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The 10 Healthiest Sources of Iron

Monday, September 6, 2021

According to the World Health Organization, iron deficiency is the most common nutritional deficiency worldwide – especially among children and pregnant women – and the only nutrient deficiency common in developed countries. And this is a big problem because this mineral is very important in the daily functioning of our body.

Iron; It is used by the body to help transport hemoglobin in blood cells from our lungs to our muscles and other organs. Blood cells use hemoglobin to help transport carbon dioxide from other parts of the body to the lungs. In addition, the body needs iron to produce certain hormones and connective tissue.

Iron is a mineral you really don’t want to lack. A condition called iron deficiency anemia (or simply anemia). Not getting enough iron makes it difficult for your blood cells to deliver the oxygen your tissues and organs need. Symptoms to look out for include feeling tired or not getting energy, stomach discomfort, trouble concentrating or remembering, trouble keeping your body temperature regular, or getting easily infected or getting sick.

How much iron should you take?

Women between the ages of 19 and 50 should get 18 milligrams (mg) of iron per day and 27 mg if they are pregnant. (The amount of blood in your body increases when you are pregnant because you supply oxygen to your baby’s organs and yourself; it requires more iron.)

Women over the age of 50 need less iron – just 8 mg per day – women need less iron after they stop menstruating.

Men aged 19 and over need 8 mg of iron every day.
According to the recommendations of the National Institutes of Health, children and infants should be between 7 and 15 mg per day depending on their age. (Note: You may also be getting too much iron. Do not exceed 45mg a day for teenagers and adults, and 40mg a day for children 13 and under.)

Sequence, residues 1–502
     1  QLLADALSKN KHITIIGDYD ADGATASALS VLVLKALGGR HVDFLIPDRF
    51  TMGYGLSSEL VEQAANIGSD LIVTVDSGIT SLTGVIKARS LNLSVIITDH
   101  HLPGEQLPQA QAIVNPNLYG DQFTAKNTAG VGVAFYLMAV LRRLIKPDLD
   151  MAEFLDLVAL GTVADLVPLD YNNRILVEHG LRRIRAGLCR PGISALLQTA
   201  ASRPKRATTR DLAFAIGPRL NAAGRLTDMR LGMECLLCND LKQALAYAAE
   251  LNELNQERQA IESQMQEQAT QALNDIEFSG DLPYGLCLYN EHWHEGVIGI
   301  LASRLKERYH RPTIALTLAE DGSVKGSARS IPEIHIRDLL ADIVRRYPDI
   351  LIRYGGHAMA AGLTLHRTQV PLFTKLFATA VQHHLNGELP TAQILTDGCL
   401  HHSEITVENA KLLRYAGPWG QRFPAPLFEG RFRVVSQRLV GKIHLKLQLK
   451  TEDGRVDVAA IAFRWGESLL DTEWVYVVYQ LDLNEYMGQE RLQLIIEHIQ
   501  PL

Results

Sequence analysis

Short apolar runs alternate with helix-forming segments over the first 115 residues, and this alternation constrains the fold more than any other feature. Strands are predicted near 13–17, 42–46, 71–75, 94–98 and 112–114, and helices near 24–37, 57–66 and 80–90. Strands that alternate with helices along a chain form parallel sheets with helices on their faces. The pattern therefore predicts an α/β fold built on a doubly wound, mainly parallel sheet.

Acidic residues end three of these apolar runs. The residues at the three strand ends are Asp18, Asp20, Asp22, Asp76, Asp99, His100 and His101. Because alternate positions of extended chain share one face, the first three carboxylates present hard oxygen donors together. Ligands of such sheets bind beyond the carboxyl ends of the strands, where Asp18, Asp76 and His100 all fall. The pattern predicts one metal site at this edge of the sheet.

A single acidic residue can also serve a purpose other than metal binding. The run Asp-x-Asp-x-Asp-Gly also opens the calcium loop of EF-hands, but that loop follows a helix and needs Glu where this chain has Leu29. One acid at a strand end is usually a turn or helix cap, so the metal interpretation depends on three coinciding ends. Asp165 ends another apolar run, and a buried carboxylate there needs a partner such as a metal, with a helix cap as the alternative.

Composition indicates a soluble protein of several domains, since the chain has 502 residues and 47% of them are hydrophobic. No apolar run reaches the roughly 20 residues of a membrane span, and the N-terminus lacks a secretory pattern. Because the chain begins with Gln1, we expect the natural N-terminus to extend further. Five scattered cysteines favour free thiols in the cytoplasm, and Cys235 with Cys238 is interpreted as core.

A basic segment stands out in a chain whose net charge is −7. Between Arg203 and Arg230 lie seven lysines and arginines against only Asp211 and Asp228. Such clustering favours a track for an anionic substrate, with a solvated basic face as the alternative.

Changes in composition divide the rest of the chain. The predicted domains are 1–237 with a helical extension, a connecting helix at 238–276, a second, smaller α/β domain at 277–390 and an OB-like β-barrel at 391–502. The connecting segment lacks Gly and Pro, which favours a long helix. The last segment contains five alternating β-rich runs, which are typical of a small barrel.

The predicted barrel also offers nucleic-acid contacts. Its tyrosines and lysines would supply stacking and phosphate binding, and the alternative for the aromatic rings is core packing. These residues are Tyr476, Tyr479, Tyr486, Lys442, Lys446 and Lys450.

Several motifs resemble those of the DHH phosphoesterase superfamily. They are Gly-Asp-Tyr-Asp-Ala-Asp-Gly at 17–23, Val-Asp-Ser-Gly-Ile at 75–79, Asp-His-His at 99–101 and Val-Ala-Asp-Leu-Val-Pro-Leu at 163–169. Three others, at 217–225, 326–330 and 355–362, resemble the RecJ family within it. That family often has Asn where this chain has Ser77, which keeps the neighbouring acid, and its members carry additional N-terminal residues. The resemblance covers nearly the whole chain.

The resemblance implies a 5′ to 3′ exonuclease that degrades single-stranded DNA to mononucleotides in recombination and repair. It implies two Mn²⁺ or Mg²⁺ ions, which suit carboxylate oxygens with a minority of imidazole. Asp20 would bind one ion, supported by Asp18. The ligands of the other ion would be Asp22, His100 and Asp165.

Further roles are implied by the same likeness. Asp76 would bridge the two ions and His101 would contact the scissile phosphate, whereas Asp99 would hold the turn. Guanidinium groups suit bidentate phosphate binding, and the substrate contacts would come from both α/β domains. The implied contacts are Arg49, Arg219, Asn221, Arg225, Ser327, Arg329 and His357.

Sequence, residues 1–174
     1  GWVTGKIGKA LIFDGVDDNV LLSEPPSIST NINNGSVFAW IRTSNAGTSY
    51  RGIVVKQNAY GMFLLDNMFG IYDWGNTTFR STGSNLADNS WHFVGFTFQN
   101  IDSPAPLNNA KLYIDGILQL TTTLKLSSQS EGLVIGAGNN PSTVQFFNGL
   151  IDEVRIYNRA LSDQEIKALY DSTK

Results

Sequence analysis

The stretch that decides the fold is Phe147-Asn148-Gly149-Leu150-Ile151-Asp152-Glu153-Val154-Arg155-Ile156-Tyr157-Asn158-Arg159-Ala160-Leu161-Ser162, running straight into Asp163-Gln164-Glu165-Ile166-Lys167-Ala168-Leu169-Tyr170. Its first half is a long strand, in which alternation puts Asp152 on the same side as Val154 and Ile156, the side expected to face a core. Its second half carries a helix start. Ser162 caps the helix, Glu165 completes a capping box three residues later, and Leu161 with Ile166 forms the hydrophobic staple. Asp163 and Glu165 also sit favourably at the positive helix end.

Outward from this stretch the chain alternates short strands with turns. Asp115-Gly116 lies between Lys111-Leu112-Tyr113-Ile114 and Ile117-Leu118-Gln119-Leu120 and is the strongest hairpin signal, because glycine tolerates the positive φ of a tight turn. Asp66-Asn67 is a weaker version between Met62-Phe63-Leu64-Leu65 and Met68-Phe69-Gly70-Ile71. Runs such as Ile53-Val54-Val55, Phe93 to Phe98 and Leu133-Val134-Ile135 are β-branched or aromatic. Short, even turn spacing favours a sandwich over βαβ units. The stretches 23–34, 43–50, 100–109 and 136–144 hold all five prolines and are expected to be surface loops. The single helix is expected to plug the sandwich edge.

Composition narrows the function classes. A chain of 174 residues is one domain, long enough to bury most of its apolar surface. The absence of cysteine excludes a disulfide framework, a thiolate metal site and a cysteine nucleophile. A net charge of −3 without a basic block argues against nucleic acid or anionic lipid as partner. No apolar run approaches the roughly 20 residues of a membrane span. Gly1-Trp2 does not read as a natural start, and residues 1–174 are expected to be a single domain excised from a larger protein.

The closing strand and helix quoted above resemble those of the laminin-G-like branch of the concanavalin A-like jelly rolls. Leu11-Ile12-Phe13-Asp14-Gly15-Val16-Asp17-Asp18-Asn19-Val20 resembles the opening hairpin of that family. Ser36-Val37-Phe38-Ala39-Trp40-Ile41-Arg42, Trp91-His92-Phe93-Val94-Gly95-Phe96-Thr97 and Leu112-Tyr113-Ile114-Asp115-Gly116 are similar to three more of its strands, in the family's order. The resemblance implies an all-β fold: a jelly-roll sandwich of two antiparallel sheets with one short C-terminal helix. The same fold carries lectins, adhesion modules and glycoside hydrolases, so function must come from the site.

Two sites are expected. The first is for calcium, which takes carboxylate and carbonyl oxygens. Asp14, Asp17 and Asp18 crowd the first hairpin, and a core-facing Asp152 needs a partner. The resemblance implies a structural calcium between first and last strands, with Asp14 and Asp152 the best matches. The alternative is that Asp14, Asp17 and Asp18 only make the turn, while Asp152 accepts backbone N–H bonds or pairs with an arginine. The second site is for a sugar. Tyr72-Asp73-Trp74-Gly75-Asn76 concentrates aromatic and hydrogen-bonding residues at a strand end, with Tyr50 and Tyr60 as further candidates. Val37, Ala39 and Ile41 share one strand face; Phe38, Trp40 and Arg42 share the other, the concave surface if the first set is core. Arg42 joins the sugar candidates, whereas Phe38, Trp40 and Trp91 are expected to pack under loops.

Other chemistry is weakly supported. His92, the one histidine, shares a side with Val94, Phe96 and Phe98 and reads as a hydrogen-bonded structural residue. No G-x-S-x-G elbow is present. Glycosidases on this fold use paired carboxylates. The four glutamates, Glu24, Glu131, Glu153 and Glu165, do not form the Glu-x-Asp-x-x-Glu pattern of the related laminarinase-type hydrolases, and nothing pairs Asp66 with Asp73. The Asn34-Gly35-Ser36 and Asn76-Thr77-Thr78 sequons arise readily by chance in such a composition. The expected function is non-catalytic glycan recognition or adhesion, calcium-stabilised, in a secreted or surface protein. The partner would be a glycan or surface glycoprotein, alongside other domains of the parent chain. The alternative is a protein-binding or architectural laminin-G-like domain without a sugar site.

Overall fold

The good news is that many common foods are rich in iron, from chocolate and pumpkin seeds to certain grains and red meats.

There are two types of iron: iron from animal sources and iron from plant sources. These two are different from each other.
Iron from animal sources is more easily absorbed by the body than plant-based iron, so getting both nutrients in your diet is important. If you only rely on plant sources, you should aim for nearly twice as much iron per day.

Let’s take a look at 10 foods high in iron that can help you get all the minerals you need:

1- Eggs, red meat, liver and offal are the most important sources of Heme Iron.
2- Oysters and mussels are rich sources of iron.
3- Chickpeas are the powerhouse of vegetarian-friendly iron.
4- Breakfast cereals contain increased iron.
5- Pumpkin Seeds may be small, but they contain a lot of iron.
Soybeans are packed with a lot of iron and other essential nutrients.
7- Black Beans are also a good source of iron.
8- Lentil is another legume that contains a lot of iron.
9- Sesame is also a seed high in iron.
10- Spinach (You should cook for higher iron gain.)

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